[ii] OECDiLibrary. Mortality following stroke. Available at: https://www.oecd-ilibrary.org/sites/dbabdd9d-en/index.html?itemId=/content/component/dbabdd9d-en#:~:text=Stroke%20is%20the%20second%20leading,diseases%E2%80%9D%20in%20Chapter%203) (Accessed: May 2023).

[iii] Wafa HA, et al. Burden of stroke in Europe: Thirty-year projections of incidence, prevalence, deaths, and disability-adjusted life years. Stroke. 2020;51(8):2418–2427.

[iv] American Stroke Association. Preventing Another Stroke. Available at: https://www.stroke.org/en/life-after-stroke/preventing-another-stroke (Accessed: May 2023).

[v] American Stroke Association. Why Getting Quick Stroke Treatment is Important. Available at: https://www.stroke.org/en/about-stroke/types-of-stroke/is-getting-quick-stroke-treatment-important (Accessed: May 2023).

Could new materials lead to implantable treatments for epilepsy?

Breakthrough research on materials may help new types of probes be safely implanted in the brain. 

Bioengineering researchers from the University of Glasgow have investigated new dissolvable coatings which could help safely guide flexible implants into brains to help regulate temporal lobe epilepsy.

The development of the material, outlined in an early-view paper in the journal Advanced Nanobiomed Research, is part of a European-funded collaboration which aims to tackle epilepsy by treating and regenerating damaged brain tissue.

The €8m Hybrid Enhanced Regenerative Medicine Systems project – HERMES – was launched in 2019. It brings together 12 partners from seven EU countries to find new ways to heal brain disorders using transplants which combine biological and artificial components.

Neural probes capable of deep brain stimulation have been used to help treat people living with Parkinson’s disease and other conditions like obsessive-compulsive disorder. They are a promising future treatment for temporal lobe epilepsy, which can be resistant to drugs.

Currently, deep brain stimulation probes, which are made from Silicon, often cause scarring around their implantation site because of a mismatch between the stiffness of the artificial materials and the soft tissue of the brain. 

One solution could be a new generation of flexible probes made from new bendable materials which offer a better match with the softness of brain tissue. Flexible implants could also widen the possibilities of where the implants could be placed in the brain, opening up treatments for more conditions.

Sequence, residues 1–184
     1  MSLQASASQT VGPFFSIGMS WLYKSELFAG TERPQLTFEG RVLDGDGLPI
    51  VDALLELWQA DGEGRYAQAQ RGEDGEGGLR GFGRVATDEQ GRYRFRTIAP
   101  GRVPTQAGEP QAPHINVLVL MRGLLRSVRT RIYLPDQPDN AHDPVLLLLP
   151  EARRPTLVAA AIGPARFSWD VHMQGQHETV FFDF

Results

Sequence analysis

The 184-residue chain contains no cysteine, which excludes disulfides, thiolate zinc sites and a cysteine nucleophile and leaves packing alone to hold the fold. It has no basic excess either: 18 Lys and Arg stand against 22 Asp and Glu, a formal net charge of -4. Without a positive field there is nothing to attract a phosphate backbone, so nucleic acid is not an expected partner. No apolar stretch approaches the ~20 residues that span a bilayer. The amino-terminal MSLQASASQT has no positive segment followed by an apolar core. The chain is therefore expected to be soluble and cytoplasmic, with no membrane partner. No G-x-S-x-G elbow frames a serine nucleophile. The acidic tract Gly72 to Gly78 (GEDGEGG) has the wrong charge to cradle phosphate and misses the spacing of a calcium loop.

However, the increased flexibility of the materials can increase the risk of the probes bending or breaking when introduced into brain tissue – a key problem that needs to be solved before the HERMES team and others can use them effectively as implants.

In the paper, the Glasgow team and colleagues in Italy outline how they explored the potential of four different biological materials as coatings for future HERMES implants. The materials act as temporary stiffeners, which could allow flexible probes to reach their target in the brain without bending, before dissolving once the surgery is complete. 

Maria Cerezo-Sanchez, from the James Watt School of Engineering, is the lead author of the article. She said: “The tests we conducted show some really promising results for creating coatings for future flexible neural probes that could help safely guide them to their targets in the brain.

It’s an exciting step forward, and we’re continuing to explore the potential of these materials for use in neural implant procedures.

Maria Cerezo-Sanchez, James Watt School of Engineering

The Glasgow team’s research was conducted in partnership with Prof Giulia Curia’s group at Università degli Studi di Modena e Reggio Emilia, and Dr Gemma Palazzolo at IIT – Istituto Italiano di Tecnologia in Italy.

‘Bioresorbable Insertion Aids for Brain Implantable Flexible Probes: A Comparative Study on Silk Fibroin, Alginate, and Disaccharides’, is published in Advanced Nanobiomed Research and is available at https://onlinelibrary.wiley.com/doi/epdf/10.1002/anbr.202200117

The research was supported by funding from the EU’s Horizon 2020 programme, the University of Glasgow, the Engineering and Physical Sciences Research Council, and the European Commission.

The HERMES consortium consists of: IIT – Istituto Italiano di Tecnologia (Italy), Università degli Studi di Modena e Reggio Emilia (Italy), Università degli Studi di Verona (Italy), Agencia Estatal Consejo Superior de Investigaciones Cientificas (Spain), Politecnico di Milano (Italy), Aarhus Universitet (Denmark), University of Glasgow (United Kingdom), Tampere University (Finland), Fundacion Instituto de Estudios de Ciencias de la Salud de Castilla y Leon e Universidad de Salamanca (Spain), Eurokleis S.r.l. (Italy), Radbound Universiteit (The Netherlands), Den Institute (Belgium).